Sir: I have the honor to submit to you, as the Executive of the State of California, some facts connected with the recent depredations committed by the Indians, within the bounds of the State, upon the persons and property of her citizens. The immediate scenes of their hostile movements are at and in the vicinity of the Mariposa and Fresno. The Indians in that portion of your State have, for some time past, exhibited disaffection and a restless feeling toward the whites. Thefts were continually being perpetrated by them, but no act of hostility had been committed by them on the person of any individual, which indicated general enmity on the part of the Indians, until the night of the 17 December last. I was then at the camp of Mr. James D. Savage, on the Mariposa, where I had gone for the purpose of reconciling any difficulty that might exist between the Indians and the whites in that vicinity. From various conversations which I had held with different chiefs, I concluded there was no immediate danger to be apprehended. On the evening of the 17th of December, we were, however, surprised by the sudden disappearance of the Indians. They left in a body, but no one knew why, or where they had gone. From the fact that Mr. Savage’s domestic Indians had forsaken him and gone with those of the rancheria, or village, he immediately suspected that something of a serious nature was in contemplation, or had already been committed by them.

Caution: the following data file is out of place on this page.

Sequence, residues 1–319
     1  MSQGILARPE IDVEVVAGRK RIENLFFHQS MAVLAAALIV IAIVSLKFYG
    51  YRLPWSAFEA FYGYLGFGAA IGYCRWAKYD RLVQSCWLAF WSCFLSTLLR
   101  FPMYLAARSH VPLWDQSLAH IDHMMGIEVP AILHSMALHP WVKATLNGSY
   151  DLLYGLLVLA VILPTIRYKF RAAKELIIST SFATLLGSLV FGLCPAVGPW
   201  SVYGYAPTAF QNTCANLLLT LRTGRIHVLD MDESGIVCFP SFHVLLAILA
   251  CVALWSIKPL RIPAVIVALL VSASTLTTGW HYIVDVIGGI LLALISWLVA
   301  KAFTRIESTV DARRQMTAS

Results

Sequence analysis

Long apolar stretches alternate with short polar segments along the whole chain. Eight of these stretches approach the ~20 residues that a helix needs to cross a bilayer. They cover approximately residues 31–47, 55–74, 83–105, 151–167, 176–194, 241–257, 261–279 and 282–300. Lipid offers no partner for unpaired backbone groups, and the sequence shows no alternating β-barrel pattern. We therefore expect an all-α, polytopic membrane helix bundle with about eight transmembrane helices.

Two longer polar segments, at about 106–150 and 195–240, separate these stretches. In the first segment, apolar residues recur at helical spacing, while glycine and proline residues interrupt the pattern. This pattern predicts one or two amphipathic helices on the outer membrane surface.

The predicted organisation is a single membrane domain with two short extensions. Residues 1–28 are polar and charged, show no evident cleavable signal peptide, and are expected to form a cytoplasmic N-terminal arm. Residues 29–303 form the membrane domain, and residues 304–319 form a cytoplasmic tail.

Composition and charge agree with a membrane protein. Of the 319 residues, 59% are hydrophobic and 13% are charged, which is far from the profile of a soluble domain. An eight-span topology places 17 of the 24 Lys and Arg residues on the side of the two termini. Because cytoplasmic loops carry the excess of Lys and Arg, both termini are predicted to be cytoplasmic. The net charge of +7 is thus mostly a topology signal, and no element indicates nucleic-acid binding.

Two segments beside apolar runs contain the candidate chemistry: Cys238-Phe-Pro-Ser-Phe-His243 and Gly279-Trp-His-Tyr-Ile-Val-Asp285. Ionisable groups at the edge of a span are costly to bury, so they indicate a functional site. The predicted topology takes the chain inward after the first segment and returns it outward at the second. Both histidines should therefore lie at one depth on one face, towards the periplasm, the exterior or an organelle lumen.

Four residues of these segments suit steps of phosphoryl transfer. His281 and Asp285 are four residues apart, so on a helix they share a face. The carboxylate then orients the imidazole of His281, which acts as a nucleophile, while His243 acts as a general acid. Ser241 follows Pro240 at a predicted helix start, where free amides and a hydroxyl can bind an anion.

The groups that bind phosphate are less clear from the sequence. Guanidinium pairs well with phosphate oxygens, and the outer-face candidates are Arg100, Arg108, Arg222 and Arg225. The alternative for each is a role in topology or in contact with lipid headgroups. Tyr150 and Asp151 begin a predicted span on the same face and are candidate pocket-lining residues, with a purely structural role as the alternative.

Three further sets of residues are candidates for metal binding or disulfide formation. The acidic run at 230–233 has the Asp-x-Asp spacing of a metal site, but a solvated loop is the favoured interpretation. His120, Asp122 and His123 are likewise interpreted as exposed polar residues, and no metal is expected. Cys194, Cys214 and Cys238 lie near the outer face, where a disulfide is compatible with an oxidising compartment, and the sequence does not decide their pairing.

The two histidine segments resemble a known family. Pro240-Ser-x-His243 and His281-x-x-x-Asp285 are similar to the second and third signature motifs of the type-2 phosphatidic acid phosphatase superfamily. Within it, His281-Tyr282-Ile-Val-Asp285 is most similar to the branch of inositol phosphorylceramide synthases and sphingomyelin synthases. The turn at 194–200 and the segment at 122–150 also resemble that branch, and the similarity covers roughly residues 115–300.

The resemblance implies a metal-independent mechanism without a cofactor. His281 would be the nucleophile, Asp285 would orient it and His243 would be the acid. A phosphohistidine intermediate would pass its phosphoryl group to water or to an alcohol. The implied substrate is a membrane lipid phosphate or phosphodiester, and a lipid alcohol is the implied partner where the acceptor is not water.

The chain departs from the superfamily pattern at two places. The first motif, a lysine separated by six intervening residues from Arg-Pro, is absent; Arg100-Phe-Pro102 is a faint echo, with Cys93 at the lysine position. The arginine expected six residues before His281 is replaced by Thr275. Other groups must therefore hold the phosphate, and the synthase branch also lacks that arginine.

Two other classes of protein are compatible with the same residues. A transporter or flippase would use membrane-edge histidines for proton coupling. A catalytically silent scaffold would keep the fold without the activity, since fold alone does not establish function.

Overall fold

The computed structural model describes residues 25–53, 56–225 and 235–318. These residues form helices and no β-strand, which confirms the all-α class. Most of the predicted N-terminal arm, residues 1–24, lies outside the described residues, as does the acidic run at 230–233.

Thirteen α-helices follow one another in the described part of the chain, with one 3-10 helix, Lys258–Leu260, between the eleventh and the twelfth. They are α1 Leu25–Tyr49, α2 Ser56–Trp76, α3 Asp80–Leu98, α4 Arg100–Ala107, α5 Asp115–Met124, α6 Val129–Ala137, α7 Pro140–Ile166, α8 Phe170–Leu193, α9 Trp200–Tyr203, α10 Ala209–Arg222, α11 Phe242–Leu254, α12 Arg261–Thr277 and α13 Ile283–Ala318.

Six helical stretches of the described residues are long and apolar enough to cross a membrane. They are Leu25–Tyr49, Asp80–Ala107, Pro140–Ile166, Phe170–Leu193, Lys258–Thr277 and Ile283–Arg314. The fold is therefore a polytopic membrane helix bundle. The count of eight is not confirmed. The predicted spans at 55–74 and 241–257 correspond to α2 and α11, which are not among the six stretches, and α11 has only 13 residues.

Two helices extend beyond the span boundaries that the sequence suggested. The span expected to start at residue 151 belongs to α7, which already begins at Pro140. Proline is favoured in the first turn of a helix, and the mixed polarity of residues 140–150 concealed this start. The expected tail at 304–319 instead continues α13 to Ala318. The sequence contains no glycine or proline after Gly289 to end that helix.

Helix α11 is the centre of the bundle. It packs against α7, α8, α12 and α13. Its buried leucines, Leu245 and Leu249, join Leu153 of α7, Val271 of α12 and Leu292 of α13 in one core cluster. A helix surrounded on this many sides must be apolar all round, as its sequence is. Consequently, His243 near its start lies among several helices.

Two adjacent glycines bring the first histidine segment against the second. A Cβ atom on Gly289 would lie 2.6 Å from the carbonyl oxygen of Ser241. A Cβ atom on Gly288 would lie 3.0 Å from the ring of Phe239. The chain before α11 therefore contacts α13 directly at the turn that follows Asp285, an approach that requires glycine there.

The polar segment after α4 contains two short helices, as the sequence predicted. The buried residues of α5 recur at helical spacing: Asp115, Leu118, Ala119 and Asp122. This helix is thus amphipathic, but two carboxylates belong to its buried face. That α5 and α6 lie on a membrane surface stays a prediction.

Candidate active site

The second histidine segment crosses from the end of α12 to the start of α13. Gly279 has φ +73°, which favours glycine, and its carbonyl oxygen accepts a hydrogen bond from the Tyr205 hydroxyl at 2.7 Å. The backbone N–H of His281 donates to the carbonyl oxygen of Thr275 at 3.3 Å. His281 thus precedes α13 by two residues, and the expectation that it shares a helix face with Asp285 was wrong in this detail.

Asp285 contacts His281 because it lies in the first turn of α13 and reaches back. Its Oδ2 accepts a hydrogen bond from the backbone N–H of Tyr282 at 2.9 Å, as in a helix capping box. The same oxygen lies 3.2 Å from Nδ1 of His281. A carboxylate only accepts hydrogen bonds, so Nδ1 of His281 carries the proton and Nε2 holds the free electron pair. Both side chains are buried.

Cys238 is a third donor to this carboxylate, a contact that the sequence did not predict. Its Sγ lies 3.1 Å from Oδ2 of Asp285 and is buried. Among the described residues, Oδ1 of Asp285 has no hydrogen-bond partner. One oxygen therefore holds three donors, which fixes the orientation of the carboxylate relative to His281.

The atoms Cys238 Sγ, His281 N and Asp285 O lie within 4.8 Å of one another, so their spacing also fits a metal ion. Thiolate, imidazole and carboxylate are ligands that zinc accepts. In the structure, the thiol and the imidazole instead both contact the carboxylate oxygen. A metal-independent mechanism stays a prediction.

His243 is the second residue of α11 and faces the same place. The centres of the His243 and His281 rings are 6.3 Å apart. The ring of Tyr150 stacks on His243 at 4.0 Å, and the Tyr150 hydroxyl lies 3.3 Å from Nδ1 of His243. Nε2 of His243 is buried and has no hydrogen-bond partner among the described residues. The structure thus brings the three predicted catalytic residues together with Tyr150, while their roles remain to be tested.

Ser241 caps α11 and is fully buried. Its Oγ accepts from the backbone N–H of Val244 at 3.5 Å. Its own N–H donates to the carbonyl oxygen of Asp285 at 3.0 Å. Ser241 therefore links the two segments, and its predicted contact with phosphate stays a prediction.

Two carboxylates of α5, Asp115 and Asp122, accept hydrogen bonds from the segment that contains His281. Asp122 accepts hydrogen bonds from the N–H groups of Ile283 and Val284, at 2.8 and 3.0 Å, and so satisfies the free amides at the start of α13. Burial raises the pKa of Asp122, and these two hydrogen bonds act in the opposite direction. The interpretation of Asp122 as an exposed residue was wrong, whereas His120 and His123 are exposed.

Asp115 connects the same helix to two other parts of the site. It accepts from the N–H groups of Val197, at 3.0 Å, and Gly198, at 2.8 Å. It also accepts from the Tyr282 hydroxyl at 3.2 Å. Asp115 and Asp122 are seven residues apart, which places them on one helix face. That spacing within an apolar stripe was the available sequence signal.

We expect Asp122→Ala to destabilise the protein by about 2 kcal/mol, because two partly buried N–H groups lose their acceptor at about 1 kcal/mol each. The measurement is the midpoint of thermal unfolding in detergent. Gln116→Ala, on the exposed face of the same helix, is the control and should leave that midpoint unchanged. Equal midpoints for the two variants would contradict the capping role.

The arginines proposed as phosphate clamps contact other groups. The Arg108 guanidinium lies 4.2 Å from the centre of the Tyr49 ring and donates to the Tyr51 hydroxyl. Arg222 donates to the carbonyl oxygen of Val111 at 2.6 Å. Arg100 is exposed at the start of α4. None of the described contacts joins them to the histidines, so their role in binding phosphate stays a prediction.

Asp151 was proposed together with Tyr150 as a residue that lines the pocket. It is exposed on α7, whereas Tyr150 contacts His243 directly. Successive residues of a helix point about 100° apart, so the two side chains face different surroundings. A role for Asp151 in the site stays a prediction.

The manner of their leaving, in the night, and by stealth, induced Mr. Savage to believe that whatever act they had committed or intended to commit, might be connected with himself. Believing that he could over haul his Indians before others could join them, and defeat any con templated depredation on their part, he, with sixteen men, started in pursuit. He continued upon their traces for about thirty miles, when he came upon their encampment. The Indians had discovered his approach and fled to an adjacent mountain, leaving behind them two small boys asleep, and the remains of an aged female, who had died, no doubt from fatigue. Near to the encampment Mr. Savage ascended a mountain in pursuit of the Indians, from which he discovered them upon another mountain at some distance. From these two mountain tops, conversation was commenced and kept up for some time between Mr. Savage and the chief, who told him they had murdered the men on the Fresno, and robbed the camp. The chief had formerly been on the most friendly terms with Savage, but would not now permit him to approach him. Savage said to them that it would be better for them to return to their villages—that with very little labor daily they could procure sufficient gold to purchase them clothing and food. To this the chief replied it was a hard way to get a living, and that they could more easily supply their wants by stealing from the whites. He also said to Savage he must not deceive the whites by telling them lies, he must not tell them that the Indians were friendly, they were not, but on the contrary were their deadly enemies, and that they intended killing and plundering them so long as a white face was seen in the country. Finding all efforts to induce them to return, or to otherwise reach them, had failed, Mr. Savage and his company concluded to return. When about leaving, they discovered a body of Indians, numbering about two hundred, on a distant mountain, who seemed to be approaching those with whom he had been talking.